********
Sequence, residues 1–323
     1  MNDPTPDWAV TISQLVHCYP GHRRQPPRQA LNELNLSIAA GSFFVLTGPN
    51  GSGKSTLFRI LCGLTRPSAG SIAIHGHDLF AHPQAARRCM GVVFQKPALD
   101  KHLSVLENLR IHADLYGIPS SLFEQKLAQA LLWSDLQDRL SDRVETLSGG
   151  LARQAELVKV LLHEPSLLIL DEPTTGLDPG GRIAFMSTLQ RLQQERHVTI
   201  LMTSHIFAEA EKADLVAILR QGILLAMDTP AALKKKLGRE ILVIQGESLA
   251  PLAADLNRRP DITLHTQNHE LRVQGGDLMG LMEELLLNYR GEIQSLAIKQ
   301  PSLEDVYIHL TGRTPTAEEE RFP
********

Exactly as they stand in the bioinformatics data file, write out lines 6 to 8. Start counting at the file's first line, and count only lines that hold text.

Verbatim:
   201  LMTSHIFAEA EKADLVAILR QGILLAMDTP AALKKKLGRE ILVIQGESLA
   251  PLAADLNRRP DITLHTQNHE LRVQGGDLMG LMEELLLNYR GEIQSLAIKQ
   301  PSLEDVYIHL TGRTPTAEEE RFP